Platform Plugins for Embedded Linux Devices

EGLFS

EGL is an interface between OpenGL and the native windowing system. Qt can use EGL for context and surface management, however the API contains no platform-specifics: The creation of a native window (which will not necessarily be an actual window on the screen) must still be done by platform-specific means. Hence the need for the board or GPU-specific adaptation code. Such adaptations are provided either as eglfs hooks, which can be a single source file compiled into the platform plugin, or as dynamically loaded EGL device integration plugins.

EGLFS is a platform plugin for running Qt5 applications on top of EGL and OpenGL ES 2.0 without an actual windowing system (like X11 or Wayland). In addition to Qt Quick 2 and native OpenGL applications, it supports software-rendered windows (for example QWidget) too. In the latter case the widgets' contents are rendered using the CPU into images, which are then uploaded into textures and composited by the plugin.

This is the recommended plugin for modern Embedded Linux devices that include a GPU.

EGLFS forces the first top-level window (be it either a QWidget or a QQuickView) to become fullscreen. This window is also chosen to be the root widget window into which all other top-level widgets (for example dialogs, popup menus or combobox dropdowns) are composited. This is necessary because with EGLFS there is always exactly one native window and EGL window surface, and these belong to the widget or window that is created first. This approach works well when there is a main window that exists for the entire lifetime of the application and all other widgets are either non top-levels or are created afterwards, once the main window is shown.

There are further restrictions for OpenGL-based windows. As of Qt 5.3, eglfs supports a single fullscreen GL window (for example, an OpenGL-based QWindow, a QQuickView or a QGLWidget). Opening additional OpenGL windows or mixing such windows with QWidget-based content is not supported and terminates the application with an error message.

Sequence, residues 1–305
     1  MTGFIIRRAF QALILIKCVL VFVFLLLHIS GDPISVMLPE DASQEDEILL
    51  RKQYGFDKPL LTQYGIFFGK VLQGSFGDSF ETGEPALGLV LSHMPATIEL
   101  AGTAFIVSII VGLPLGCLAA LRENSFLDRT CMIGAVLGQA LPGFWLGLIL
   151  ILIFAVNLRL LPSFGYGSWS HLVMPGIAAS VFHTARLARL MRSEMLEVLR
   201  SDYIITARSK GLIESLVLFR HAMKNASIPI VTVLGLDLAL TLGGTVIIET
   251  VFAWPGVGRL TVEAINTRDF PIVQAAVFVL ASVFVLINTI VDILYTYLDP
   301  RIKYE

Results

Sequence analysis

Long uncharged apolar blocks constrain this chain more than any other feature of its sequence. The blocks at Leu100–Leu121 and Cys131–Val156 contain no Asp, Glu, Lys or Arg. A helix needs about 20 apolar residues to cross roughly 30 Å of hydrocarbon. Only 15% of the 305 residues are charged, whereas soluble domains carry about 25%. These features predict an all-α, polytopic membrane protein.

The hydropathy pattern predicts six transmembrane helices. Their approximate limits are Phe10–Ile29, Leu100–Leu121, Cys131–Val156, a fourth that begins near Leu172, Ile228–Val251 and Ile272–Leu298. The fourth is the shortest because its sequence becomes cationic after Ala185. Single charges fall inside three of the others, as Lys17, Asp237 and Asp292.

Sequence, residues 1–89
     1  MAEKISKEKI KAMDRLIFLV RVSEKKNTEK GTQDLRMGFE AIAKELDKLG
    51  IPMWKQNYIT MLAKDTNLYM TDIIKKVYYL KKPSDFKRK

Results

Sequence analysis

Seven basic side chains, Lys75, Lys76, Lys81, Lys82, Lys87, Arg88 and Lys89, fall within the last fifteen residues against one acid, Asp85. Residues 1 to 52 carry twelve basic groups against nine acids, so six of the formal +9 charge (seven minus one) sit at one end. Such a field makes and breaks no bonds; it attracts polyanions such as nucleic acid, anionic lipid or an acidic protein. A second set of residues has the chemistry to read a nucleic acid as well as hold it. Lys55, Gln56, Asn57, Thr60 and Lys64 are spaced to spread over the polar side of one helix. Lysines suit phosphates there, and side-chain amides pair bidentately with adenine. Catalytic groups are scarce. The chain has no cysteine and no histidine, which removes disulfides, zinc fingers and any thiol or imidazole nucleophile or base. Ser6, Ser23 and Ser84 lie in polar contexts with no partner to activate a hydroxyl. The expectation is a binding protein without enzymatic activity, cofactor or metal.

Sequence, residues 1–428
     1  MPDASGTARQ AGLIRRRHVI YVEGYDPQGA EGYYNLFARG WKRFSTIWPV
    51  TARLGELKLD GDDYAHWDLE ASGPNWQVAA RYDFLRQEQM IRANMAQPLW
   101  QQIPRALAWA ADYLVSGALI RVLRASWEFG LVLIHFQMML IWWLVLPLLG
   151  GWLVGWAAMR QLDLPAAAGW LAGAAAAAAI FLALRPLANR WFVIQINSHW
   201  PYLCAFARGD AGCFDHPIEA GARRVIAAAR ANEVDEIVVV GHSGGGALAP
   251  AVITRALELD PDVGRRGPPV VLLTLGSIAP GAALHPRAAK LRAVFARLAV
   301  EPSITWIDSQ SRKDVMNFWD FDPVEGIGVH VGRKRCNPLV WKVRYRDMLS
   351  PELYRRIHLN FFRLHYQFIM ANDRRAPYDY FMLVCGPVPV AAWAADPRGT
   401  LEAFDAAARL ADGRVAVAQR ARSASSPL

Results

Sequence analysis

If necessary, eglfs can be configured using the following environment variables:

  • QT_QPA_EGLFS_INTEGRATION - In addition to the compiled-in hooks, it is also possible to provide device or vendor-specific adaptation in the form of dynamically loaded plugins. This environment variable enforces a specific plugin. For example, setting it to eglfs_kms uses the KMS/DRM backend. This is only an option when no static or compiled-in hooks were specified in the device makespecs. In practice, the traditional compiled-in hooks are rarely used, almost all backends are now migrated to plugins. The device makespecs still contain a relevant EGLFS_DEVICE_INTEGRATION entry: the name of the preferred backend for that particular device. This is optional, but very useful to avoid the need to set this environment variable in case there are more than one plugins present in the target system. In a desktop environment the KMS or X11 backends are prioritized, depending on the presence of the DISPLAY environment variable. Note that on some boards the special value of none is used instead of an actual plugin. This indicates that no special integration is necessary to use EGL with the framebuffer and so no plugins must be loaded.
  • QT_QPA_EGLFS_PHYSICAL_WIDTH and QT_QPA_EGLFS_PHYSICAL_HEIGHT - Physical screen width and height in millimeters. On platforms where the value cannot be queried from the framebuffer device /dev/fb0 or via other means, a default DPI of 100 is used. This variable can be used to override any such defaults. Setting this is important because QWidget or Qt Quick Controls based applications rely on these values. Running with the hard-coded settings may result in user interface element sizes unsuitable for the display in use.
  • QT_QPA_EGLFS_ROTATION - Specifies the rotation applied to software-rendered content in QWidget-based applications. Supported values are 180, 90, and -90. This does not apply to OpenGL-based windows, including Qt Quick. Qt Quick applications can apply transformations in their QML scene instead. The standard eglfs mouse cursor always takes the value into account, with appropriately positioned and rotated pointer image, regardless of the application type. The special cursor implementations, such as the KMS/DRM backend's hardware cursor, may not support rotation.